We talked about the reds last post.
So, of course – now need to talk about the whites.
Blood that is.
About white blood cell counts
We gave a glowing review to the red blood cells last post. After all, they are plentiful and tend to outnumber the other blood components involved in a CBC – Complete Blood Count with differential lab test.
But – with that being said – the white blood cells also play a critical, life-saving role. Literally.
White blood cells are responsible for keeping the body healthy. Also called leukocytes, they serve as the line of defense for our immune system. When we get sick, fight disease and conquer cancer, the white blood cells go to town. The more white blood cells you have, the more your body is working to fight off something that should not be there.
So what’s normal?
According to the National Institute of Health,
4,500-10,000 white blood cells per microliter (mcL) is normal.
Note: Normal value ranges may vary slightly among different laboratories. Talk to your doctor about the meaning of your specific test results. The examples above show the common measurements for results for these tests. Some laboratories use different measurements or may test different specimens.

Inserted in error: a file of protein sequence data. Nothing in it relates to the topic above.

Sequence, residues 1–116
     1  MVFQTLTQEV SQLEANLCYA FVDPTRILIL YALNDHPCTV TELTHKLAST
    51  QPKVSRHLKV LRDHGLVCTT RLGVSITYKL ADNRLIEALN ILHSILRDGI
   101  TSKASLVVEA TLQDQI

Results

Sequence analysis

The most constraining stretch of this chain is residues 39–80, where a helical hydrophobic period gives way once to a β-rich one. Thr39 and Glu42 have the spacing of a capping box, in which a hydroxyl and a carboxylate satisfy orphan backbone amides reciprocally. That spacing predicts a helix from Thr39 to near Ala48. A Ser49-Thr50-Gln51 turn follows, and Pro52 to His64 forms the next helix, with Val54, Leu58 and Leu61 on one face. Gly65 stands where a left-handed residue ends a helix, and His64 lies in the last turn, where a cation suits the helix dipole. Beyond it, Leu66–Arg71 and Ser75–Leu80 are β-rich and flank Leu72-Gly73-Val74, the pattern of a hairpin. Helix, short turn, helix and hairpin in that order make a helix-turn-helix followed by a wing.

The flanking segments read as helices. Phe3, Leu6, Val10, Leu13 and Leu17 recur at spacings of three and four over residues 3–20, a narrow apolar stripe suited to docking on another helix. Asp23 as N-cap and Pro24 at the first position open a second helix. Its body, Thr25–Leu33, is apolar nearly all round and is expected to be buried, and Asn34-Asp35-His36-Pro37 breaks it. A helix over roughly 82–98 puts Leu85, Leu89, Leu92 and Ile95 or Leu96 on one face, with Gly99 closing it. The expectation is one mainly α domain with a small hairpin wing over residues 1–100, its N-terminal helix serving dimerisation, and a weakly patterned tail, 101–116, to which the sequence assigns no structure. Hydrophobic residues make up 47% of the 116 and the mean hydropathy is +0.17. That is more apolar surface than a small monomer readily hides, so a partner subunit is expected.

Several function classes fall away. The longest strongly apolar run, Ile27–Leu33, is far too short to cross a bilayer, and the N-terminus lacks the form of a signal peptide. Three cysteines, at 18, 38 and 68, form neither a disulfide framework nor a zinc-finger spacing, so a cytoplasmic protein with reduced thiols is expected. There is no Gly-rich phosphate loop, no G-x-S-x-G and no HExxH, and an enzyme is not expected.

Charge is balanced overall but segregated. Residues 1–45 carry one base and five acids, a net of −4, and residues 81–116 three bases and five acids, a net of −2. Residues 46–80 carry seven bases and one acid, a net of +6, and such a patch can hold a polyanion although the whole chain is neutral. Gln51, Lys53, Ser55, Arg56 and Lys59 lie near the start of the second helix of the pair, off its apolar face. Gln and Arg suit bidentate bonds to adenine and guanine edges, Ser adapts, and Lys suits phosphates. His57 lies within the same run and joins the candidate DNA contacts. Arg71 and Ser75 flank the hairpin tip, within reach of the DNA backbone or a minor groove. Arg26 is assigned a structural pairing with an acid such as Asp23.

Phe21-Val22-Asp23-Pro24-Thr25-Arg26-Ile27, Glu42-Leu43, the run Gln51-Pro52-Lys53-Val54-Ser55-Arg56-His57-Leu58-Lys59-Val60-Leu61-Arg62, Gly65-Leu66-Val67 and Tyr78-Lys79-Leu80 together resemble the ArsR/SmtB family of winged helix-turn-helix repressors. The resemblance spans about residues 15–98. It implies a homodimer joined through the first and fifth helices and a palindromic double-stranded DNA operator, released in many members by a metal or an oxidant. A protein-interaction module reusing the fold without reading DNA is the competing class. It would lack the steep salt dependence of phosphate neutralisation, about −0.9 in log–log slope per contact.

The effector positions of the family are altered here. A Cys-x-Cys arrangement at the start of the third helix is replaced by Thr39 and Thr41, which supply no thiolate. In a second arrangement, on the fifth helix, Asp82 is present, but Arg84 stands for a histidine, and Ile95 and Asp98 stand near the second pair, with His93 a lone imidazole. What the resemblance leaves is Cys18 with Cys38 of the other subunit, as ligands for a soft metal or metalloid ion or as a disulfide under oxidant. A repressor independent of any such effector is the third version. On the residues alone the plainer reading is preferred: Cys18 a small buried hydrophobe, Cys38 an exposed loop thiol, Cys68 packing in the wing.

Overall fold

While labs will have differing limits, you should be able to determine if you are running low or running high based on lab reports.
Am I sick?
You’ll need to sit down with a physician to review your lab work – especially if white blood cell reports show you have too few or too many. Note – if your spleen is gone, you will run on the HIGH side.
Several conditions can be involved if your white blood counts are not normal.
For example, the following may cause LOW white blood cell counts:
- Liver disease
- Bone disease
- Exposure to radiation
These conditions may be indicators of why white blood cells are HIGH:
- Infectious disease
- Extreme stress
How to get white blood cells checked
You won’t necessarily feel anything if your white blood cells are high or low. BUT – having lab work performed routinely comes with the same importance as having red blood cells checked. A blood draw for a CBC test is a “first stop” for determining wellness and figuring out if anything is wrong with you – even if you don’t feel sick.
No insurance needed. No doctor script either. Come request the test yourself.